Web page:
Elimination of ‘Vacant Positions’ Slush Funds Makes Budget More Transparent

    CB: …some of the seemingly mundane matters were actually a conscious decision to put more transparency in the budget.

    The committee announced a series of House-Senate agreements on items to give hundreds of thousands of dollars to jails throughout the state to pay for utility costs.

    This was an effort stemming from the House push to not fund vacant positions, which correctional facilities have relied on to pay electric and sewer bills that for years have exceeded what’s been budgeted.

    “Rather than have them have to hold positions vacant we wanted to actually add funds for utilities because all of the correctional facilities have been running a deficit in utilities for awhile,” Ige said.

    The House version of the budget eliminates almost 1,000 vacant positions, but the Senate version restored funding for these. This is one of the bigger issues that the conference committee will have to resolve in the coming weeks.

    The committee is set to reconvene at 9:30 a.m., Monday.

    read … Ige: Funding Jails’ High Electric Bills Makes Budget More Transparent

    Hawaii County Sham Budget Larded With 'Vacant Positions'

    “The bottom line is I think this whole budget is a sham,” she said out of frustration while addressing representatives of the Parks and Recreation Department.  Hamakua Councilwoman Valerie Poindexter, who was chairing the Finance Committee meeting, interrupted Wille, noting that she was out of step with the council’s rules of order and decorum.“I don’t want this to be an attack session,” she said.  “And, please watch your behavior or I’ll have to read the rules of decorum into the record.”  Wille then amended her comment to being “very disappointed” with the budget proposal, adding that the Parks and Recreation Department’s list of 80 unfilled positions is “unacceptable.”

    WHT: Funds sought for transit system

    read … Silenced for Telling Truth

    Coal Plant Re-Starts, Oahu Electric Rates Drop 7%

    SA: Oahu households can expect to see a decline in their April electrical bills due largely to the resumption of production at a coal-fired plant that provides the island's lowest-cost source of power, Hawaiian Electric Co. reported Friday.

    The bill for a household using 600 kilowatt-hours of electricity a month will fall to $203.11 in April, a $15.64 decline from March, according to HECO. The rate per kilowatt-hour will drop to 32.4 cents from 34.9 cents.

    Electricity prices on Oahu rose in February and March as the owner of the state's only coal-fired power plant shut it down for scheduled maintenance. The 180-megawatt plant operated by independent power producer AES Corp. has the capacity to provide about 15 percent of the island's peak electricity demand.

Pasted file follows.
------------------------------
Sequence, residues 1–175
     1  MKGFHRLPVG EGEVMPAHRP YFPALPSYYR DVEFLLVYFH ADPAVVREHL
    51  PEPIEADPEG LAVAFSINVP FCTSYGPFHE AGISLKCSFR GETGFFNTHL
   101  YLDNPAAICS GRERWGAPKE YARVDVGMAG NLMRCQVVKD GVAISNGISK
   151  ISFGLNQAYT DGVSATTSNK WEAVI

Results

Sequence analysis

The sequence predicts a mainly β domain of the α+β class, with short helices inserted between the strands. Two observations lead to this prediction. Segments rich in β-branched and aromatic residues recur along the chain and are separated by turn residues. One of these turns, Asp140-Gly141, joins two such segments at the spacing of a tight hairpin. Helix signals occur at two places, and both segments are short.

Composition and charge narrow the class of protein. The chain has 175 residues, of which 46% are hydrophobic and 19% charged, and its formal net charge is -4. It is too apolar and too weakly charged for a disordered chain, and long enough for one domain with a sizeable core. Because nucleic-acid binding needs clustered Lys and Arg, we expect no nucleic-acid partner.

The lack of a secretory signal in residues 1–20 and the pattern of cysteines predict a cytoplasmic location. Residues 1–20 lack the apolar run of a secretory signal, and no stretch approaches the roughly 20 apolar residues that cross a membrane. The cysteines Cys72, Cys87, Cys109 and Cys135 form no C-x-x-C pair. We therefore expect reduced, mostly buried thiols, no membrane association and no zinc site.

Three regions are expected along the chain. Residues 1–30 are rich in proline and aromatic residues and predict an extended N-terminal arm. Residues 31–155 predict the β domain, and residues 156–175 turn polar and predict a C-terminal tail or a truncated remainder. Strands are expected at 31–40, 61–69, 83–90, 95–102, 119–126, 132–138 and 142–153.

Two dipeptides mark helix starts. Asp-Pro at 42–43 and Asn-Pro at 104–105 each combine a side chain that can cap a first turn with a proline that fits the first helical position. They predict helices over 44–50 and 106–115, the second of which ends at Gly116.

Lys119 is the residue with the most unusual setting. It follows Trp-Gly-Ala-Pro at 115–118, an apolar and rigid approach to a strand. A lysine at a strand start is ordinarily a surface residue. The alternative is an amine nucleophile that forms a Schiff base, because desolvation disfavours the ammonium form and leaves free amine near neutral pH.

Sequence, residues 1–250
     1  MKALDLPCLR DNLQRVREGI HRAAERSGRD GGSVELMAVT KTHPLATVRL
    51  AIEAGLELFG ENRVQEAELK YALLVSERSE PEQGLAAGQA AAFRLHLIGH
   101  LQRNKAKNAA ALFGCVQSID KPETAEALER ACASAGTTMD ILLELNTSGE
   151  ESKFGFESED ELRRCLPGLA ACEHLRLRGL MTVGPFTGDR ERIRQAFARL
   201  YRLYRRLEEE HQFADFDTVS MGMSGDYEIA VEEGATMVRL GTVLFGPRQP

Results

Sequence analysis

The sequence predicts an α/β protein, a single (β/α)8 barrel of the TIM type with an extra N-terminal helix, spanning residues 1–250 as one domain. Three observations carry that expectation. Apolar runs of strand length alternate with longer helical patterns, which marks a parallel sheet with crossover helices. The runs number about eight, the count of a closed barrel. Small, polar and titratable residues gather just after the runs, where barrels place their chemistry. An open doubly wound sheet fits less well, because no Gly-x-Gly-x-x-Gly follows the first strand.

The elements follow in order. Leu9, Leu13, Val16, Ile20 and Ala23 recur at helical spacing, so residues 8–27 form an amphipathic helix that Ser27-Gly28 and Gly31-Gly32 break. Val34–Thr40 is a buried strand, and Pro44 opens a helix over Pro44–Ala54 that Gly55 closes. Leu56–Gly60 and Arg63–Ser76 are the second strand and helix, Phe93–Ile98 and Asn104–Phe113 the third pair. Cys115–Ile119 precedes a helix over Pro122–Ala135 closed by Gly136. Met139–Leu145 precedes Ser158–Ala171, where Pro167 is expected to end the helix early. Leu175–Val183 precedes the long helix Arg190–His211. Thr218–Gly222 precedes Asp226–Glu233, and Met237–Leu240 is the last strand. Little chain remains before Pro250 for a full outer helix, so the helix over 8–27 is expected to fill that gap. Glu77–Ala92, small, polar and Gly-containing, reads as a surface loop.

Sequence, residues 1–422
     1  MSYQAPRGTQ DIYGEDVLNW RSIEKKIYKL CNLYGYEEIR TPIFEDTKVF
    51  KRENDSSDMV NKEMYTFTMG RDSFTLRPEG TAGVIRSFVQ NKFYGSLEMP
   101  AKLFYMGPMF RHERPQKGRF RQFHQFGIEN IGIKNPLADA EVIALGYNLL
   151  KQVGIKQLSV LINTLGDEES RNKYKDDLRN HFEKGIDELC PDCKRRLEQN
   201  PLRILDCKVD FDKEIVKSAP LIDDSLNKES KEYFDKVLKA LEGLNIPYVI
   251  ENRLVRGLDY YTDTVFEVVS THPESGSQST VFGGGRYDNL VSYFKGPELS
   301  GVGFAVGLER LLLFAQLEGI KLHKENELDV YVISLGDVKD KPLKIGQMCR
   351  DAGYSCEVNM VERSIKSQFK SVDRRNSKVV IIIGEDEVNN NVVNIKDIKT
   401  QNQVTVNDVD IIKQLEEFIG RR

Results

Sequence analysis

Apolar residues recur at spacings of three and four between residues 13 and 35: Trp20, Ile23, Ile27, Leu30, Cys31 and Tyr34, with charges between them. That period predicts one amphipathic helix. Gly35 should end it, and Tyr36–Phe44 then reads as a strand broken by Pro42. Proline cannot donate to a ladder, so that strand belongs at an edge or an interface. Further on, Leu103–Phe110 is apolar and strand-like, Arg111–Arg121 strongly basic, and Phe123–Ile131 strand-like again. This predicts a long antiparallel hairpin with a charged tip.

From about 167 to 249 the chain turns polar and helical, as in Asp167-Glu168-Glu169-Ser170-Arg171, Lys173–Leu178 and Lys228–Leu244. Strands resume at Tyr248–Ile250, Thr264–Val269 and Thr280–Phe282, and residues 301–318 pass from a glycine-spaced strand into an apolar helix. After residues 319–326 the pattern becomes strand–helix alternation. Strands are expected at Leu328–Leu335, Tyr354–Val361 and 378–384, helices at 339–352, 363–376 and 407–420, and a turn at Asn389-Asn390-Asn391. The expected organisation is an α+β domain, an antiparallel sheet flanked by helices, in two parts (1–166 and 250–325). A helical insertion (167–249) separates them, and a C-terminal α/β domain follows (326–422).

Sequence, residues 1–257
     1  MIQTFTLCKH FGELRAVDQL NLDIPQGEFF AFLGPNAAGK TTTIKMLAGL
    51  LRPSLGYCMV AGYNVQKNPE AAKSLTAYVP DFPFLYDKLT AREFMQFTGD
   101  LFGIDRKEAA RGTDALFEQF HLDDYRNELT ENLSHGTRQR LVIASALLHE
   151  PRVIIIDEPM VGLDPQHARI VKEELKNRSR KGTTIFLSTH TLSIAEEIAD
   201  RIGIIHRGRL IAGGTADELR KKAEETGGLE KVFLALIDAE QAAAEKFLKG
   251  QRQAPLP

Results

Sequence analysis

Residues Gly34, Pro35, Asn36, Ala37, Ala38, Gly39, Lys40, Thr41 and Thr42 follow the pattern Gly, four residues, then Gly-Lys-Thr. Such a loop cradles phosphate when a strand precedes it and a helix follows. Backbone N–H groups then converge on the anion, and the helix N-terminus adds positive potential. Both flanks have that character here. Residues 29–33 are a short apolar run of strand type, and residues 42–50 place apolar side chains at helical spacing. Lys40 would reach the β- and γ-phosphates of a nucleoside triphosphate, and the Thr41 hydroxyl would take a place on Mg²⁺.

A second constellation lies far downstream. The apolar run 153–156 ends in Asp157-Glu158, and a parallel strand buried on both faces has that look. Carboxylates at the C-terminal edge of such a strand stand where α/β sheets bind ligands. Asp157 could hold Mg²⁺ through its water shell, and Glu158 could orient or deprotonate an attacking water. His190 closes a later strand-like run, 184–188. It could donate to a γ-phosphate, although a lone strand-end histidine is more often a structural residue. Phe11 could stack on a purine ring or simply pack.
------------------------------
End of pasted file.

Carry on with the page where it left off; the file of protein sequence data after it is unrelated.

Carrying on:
HECO pays AES about 9 cents a kilowatt-hour compared with the 22 cents a kilowatt-hour it costs to generate power at the oil-burning plants that provide nearly 80 percent of HECO's electrical output.  The AES plant, which went online in 1992, burns coal imported from Indonesia.…. (Prolly because there are no Jones Act ships to haul coal from the Mainland or Alaska)

    Elsewhere in the state, electrical rates also will fall on Kauai this month but will rise on Hawaii island and in Maui County.

    Maui Electric Co. customers will see their rate rise to 37.2 cents per kilowatt-hour this month from 37 cents in February. The typical Maui bill will go up $1.44, to $232.16.

    Hawaii island's residential rate will rise to 39.9 cents a kilowatt-hour from last month's 39.7 cents. The typical bill will go up to $249.63 from $248.59.

    The rate on Kauai will fall to 42.4 cents a kilowatt-hour from 44.8 cents.

    Hawaii has the highest electrical rates in the nation. The statewide average of 37.9 cents a kilowatt-hour in January was more than triple the national average of 11.5 cents a kilowatt-hour….

    read … Coal Saves Money

    Homelessness: No Facilities for Elderly Mentally Ill

    SA: There are simply too many frail elders whose physical ailments have developed alongside or after a lifetime of mental illness for the network of licensed adult residential care homes (known as ARCHs) to handle. And the need to solve this problem is urgent, given that the numbers of clients needing care are only going to increase. The shortage is expected to compound quickly, as well….

    The best guess the state has is that about a third of the roughly 6,000 receiving continuing care from the state's Adult Mental Health Division are age 55 and up. …

    There's no expectation that an institutional solution to the crisis is in the offing, either. The shortage of beds in nursing homes is chronic. And a project to construct a 150-bed skilled nursing facility on Hawaii State Hospital grounds, to be financed and built by the Utah-based Avalon Health Care Management Inc., has languished in the planning stages for several years….